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From Muslim Cool To Umi’s Archive: A Conversation with Su’Ad Abdul Khabeer
Wednesday, September 19, 2018 @ 4:30 pm - 6:00 pm
Su’ad Abdul Khabeer’s talk will be part prose and part performance, pushing the conversation on Black Muslims beyond studies of specific Muslim communities to think about Black Islam as something to “think” with. She explores what the Black Muslim experience – belief, cultural practice and intellectual thought -offers theoretically, methodologically and for political praxis-within and outside the academy.
Dr. Abdul Khabeer is a scholar-artist-activist who uses anthropology and performance to explore the intersections of race and popular culture. Su’ad is currently an associate professor of American Culture and Arab and Muslim American Studies at the University of Michigan and received her PhD in cultural anthropology from Princeton University. She is also a graduate from the School of Foreign Service at Georgetown University and completed the Islamic Studies diploma program of the Institute at Abu Nour University (Damascus). Her latest work, Muslim Cool: Race, Religion and Hip Hop in the United States (NYU Press 2016), is an ethnography on Islam and hip hop that examines how intersecting ideas of Muslimness and Blackness challenge and reproduce the meanings of race in the US. Abdul Khabeer’s written work on Islam and hip hop is accompanied by her performance ethnography, Sampled: Beats of Muslim Life. Sampled is a one-woman solo performance designed to present and represent her research and findings to diverse audiences as part of her commitment to public scholarship. In line with this commitment she leads Sapelo Square, the first website dedicated to the comprehensive documentation and analysis of the Black US American Muslim experience.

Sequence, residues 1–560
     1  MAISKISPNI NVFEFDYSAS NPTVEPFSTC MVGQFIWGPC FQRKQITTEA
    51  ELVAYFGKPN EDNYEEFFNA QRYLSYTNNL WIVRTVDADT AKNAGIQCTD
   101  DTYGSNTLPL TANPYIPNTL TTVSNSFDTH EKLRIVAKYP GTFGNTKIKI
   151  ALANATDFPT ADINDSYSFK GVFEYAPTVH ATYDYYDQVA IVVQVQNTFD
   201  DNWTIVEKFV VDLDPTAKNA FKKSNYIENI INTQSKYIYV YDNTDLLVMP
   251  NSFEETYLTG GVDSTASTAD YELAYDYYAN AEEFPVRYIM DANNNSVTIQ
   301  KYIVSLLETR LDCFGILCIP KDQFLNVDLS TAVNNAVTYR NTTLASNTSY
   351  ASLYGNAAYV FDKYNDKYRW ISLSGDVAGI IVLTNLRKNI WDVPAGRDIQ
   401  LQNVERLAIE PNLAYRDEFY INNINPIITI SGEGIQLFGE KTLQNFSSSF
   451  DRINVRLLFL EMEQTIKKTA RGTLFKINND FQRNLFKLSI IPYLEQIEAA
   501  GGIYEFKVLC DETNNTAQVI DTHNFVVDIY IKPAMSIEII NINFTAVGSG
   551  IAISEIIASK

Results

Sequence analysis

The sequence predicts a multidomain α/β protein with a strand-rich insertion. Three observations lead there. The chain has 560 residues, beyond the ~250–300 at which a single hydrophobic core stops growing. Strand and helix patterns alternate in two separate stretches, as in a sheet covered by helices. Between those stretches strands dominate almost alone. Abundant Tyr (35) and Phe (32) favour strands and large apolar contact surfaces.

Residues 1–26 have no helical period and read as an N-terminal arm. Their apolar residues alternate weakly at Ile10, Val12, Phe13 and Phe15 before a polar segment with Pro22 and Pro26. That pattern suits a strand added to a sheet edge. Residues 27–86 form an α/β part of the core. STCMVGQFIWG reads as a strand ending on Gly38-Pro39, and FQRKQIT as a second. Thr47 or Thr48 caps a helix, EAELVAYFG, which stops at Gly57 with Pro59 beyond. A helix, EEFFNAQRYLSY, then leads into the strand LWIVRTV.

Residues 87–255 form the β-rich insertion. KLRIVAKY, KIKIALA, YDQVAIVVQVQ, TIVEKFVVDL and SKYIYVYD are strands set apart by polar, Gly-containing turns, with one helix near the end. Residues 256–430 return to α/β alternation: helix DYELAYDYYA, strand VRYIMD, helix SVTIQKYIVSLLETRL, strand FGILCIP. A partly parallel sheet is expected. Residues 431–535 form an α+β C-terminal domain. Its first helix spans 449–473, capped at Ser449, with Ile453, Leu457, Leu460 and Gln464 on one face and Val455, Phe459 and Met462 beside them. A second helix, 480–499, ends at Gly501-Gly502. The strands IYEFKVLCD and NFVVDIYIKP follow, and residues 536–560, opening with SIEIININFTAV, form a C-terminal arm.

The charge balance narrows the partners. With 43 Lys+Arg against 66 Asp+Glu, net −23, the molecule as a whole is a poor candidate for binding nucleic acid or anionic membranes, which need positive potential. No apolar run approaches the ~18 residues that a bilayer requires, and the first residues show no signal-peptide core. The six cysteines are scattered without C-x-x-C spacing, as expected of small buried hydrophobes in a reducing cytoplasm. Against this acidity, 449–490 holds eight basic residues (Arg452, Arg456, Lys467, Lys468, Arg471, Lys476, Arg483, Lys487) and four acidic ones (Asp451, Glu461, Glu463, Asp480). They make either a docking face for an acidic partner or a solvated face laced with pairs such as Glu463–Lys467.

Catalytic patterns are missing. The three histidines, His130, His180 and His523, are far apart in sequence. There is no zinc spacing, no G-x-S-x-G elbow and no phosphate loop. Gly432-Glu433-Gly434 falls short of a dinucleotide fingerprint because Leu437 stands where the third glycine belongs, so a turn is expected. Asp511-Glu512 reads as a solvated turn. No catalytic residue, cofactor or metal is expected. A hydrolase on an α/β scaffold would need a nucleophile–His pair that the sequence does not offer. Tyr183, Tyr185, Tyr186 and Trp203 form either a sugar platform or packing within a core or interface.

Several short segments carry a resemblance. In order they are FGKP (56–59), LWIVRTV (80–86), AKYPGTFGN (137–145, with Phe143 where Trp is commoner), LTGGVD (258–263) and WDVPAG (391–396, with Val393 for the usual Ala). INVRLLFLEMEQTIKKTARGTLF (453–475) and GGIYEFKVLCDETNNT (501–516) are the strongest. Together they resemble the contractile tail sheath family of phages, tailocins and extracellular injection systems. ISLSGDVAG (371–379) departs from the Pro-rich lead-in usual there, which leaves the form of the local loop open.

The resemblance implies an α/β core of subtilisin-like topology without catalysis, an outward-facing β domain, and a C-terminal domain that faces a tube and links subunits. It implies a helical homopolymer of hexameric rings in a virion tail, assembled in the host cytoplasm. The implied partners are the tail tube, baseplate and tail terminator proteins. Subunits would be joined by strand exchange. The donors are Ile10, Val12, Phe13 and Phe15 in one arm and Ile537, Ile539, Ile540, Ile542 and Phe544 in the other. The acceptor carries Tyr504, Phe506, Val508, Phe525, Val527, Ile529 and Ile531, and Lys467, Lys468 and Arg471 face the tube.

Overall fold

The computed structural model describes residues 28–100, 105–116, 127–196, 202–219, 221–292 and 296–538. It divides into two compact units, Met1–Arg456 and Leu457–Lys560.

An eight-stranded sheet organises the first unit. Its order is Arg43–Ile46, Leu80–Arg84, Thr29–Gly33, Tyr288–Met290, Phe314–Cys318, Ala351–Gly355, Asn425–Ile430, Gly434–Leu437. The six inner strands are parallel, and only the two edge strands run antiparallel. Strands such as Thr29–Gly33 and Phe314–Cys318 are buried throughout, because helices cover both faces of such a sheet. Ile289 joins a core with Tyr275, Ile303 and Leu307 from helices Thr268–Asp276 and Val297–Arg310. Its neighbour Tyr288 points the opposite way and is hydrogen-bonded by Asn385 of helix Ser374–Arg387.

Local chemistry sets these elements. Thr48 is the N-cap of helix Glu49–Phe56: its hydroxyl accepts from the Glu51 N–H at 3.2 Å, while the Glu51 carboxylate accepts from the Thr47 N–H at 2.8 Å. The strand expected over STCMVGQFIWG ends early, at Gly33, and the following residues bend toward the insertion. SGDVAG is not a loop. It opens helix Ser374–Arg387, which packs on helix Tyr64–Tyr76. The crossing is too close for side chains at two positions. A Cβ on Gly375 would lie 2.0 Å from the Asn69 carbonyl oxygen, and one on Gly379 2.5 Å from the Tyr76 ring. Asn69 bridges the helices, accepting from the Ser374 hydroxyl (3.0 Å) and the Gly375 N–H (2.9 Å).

This talk is cosponsored by the Carolina Center for the Study of the Middle East and Muslim Civilizations, Duke-UNC Consortium for Middle East Studies, UNC Women and Gender Studies Department, Carolina Women’s Center, Sonja Haynes Stone Center, Carolina Seminar for Transnational and Global Modern History, Duke Religious Studies Department, and the Institute for Arts and Humanities.
This talk is open to faculty members, staff, and graduate students only.